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The outside of the building is covered in amazingly intricate sculptures and religious figures, but the real magic happens when you step through the metal leaf-covered doors.

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The scale is impossible to describe – the central nave vaults is a neck-cricking 150 feet high. If you look upward, the pillars that lead to the jaw-dropping ceiling are something that only Gaudi could have imagined.

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But it’s not just the design that is incredible – the use of light is what makes the Sagrada Familia so spectacular. Inspired by the original windows of the Santa Maria de la Mar (see Barcelona – Day 7 for more about this other gothic masterpiece), the huge stained glass windows of the Sagrada Familia were designed so as to illuminate the interior with colours – reds, oranges and yellows in the morning and blues/greens later in the day. The impact of the splashes of colour on the otherwise white walls is something so awe-inspiring that even a non-believer like me could be convinced of something spiritual taking place here.

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We managed to drag ourselves away from the main chamber to take up our time slot on the Passion Façade (you can add one of the two tower options to your ticket when you book online for an extra couple of euros).

The view from one of the towers

The view from one of the towers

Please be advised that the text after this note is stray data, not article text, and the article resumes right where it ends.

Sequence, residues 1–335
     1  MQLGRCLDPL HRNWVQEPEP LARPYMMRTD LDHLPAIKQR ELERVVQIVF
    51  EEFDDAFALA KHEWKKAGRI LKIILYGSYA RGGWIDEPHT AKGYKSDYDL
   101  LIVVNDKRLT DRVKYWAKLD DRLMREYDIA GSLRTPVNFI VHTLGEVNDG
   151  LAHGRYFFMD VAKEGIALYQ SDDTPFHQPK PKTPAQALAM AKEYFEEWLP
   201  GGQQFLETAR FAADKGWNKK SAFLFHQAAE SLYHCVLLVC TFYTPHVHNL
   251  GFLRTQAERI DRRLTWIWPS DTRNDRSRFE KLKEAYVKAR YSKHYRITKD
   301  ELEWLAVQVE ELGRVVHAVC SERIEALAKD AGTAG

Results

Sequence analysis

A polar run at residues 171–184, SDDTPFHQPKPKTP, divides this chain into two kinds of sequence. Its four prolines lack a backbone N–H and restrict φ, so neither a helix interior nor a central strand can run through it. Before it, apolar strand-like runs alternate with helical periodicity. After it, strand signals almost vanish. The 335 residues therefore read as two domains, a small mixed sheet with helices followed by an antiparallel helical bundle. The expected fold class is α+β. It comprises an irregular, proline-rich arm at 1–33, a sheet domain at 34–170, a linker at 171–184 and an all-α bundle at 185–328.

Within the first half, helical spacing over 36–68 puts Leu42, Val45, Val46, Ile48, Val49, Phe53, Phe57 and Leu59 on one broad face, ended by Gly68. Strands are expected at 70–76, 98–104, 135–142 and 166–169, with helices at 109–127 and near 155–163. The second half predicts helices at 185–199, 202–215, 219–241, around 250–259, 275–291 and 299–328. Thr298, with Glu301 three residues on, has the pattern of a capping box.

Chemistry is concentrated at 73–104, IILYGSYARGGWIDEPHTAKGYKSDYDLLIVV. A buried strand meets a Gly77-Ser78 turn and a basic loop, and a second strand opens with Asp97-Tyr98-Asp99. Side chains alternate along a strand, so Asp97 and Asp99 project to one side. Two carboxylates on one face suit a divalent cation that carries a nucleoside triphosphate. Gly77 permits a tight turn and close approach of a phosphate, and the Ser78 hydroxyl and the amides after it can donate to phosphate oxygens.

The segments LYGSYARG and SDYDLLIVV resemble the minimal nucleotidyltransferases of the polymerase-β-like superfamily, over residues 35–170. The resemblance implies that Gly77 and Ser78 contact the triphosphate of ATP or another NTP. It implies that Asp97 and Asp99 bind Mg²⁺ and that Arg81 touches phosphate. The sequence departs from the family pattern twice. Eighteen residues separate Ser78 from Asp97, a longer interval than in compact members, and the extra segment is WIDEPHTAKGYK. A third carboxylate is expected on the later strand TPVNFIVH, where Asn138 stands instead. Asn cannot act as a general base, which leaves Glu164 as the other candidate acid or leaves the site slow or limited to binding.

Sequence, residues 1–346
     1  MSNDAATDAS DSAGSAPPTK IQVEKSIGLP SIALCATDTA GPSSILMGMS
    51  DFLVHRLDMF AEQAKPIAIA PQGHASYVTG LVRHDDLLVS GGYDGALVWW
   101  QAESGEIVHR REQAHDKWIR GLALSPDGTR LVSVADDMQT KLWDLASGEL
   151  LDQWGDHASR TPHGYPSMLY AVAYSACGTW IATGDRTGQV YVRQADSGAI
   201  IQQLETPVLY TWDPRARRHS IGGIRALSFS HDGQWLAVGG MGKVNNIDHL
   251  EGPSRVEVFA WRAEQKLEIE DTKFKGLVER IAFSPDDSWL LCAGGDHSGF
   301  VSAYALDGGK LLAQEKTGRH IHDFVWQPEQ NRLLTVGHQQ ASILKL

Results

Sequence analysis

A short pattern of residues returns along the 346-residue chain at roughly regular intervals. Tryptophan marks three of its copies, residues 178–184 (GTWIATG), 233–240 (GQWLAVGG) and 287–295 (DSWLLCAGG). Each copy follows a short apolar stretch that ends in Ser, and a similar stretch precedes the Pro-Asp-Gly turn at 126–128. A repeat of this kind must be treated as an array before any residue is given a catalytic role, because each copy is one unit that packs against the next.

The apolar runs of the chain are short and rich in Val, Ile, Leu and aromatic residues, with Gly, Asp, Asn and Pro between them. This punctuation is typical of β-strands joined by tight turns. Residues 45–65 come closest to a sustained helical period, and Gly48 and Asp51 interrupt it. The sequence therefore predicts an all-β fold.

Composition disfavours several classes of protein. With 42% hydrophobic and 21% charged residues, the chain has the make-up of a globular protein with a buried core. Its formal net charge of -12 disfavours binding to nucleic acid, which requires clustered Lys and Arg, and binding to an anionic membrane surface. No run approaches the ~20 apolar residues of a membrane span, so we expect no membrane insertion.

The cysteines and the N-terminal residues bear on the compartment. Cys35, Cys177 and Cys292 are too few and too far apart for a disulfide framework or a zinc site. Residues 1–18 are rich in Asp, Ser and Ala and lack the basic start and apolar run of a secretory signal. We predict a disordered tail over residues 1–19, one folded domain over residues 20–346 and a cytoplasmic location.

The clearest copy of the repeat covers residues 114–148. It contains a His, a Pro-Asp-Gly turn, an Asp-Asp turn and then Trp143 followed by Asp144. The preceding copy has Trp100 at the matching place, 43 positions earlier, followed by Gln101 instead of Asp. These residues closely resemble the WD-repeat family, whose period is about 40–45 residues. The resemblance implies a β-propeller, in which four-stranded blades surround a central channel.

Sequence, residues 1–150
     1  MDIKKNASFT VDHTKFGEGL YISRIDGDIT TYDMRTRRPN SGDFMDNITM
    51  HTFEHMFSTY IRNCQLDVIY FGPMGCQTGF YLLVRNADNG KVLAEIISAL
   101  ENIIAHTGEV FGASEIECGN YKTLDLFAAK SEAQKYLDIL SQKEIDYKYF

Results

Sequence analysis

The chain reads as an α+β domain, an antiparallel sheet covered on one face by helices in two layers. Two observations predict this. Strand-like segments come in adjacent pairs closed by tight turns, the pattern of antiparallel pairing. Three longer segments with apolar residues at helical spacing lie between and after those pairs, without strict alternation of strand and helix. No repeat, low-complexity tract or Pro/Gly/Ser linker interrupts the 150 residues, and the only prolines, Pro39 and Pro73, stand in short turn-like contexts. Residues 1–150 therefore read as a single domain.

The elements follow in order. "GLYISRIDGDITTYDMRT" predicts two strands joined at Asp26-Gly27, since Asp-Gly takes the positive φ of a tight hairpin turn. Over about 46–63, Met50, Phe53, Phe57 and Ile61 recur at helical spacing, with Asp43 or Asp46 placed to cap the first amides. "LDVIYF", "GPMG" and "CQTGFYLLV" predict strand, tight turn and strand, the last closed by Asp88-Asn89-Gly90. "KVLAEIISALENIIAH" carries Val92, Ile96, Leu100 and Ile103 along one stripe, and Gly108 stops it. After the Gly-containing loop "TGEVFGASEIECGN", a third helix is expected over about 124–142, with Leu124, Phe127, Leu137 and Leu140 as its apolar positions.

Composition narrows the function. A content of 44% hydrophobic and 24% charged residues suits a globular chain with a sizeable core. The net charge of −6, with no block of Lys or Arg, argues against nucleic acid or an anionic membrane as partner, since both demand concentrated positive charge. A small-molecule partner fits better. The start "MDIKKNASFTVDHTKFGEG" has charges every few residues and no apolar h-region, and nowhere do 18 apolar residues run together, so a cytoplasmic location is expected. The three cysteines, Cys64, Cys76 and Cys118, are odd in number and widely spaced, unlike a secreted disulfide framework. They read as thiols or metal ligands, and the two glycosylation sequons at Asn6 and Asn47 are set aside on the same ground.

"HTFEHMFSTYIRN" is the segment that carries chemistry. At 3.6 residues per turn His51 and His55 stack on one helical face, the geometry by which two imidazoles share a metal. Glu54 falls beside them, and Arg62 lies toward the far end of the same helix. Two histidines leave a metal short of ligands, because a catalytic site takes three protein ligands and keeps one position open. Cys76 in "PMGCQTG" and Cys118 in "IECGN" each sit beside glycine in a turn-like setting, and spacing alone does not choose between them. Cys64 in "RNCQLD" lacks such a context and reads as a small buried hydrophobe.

Those with mild claustrophobia or vertigo be warned – you’re likely to suffer both if you venture up the towers, but the views are so incredible it truly is worth it. After waiting in line for the tiny lift (which you cram yourself into with about ten other people) you are whizzed to the near top of one of the towers. We were right next to the bell tower (interesting reaction from our entire group when that went off!) and the view over the city is honestly the best you will find in the entire city.

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You can opt to get the lift back down but…the more scenic option is to walk down the very narrow, quite steep and usually very busy staircase…which winds all the way back to the main chamber. I’m not going to lie – there were points where my legs were a little shakey (I have a teeny, tiny problem with heights) but apart from the windows that have virtually no safety rails across them, I managed it okay. Every time you reach another level, you’re rewarding with a window view of more Gaudi masterpieces – from crazy, Darth Vader-like sculptures to the colourful fruit that sits atop of the towers, you’ll see something new at each window.

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The entire visit was surreal, like being on a really beautiful alien planet, where your head cannot turn quick enough or your brain work fast enough to take in everything your eyes are seeing.

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When I eventually managed to stop taking pictures and we left, an old guy outside the gates told us the crypt was now free to get into (if you go after 7.30pm, you might find this too). The crypt is something entirely different to the Gaudi-world that sits above it. Traditional, still beautiful but far more modest, it’s worth a quick visit too if you get a chance.

I was pretty exhausted after a busy day of sightseeing (and lack of sleep) so picked up some tapas-style food and wine on the way back and cooked in the hostel’s kitchen. I agreed to get up early the following morning  to join one of my fellow hostellers on the terrace for yoga so after dinner and some writing, I headed for bed.

Read more in Barcelona – Day Six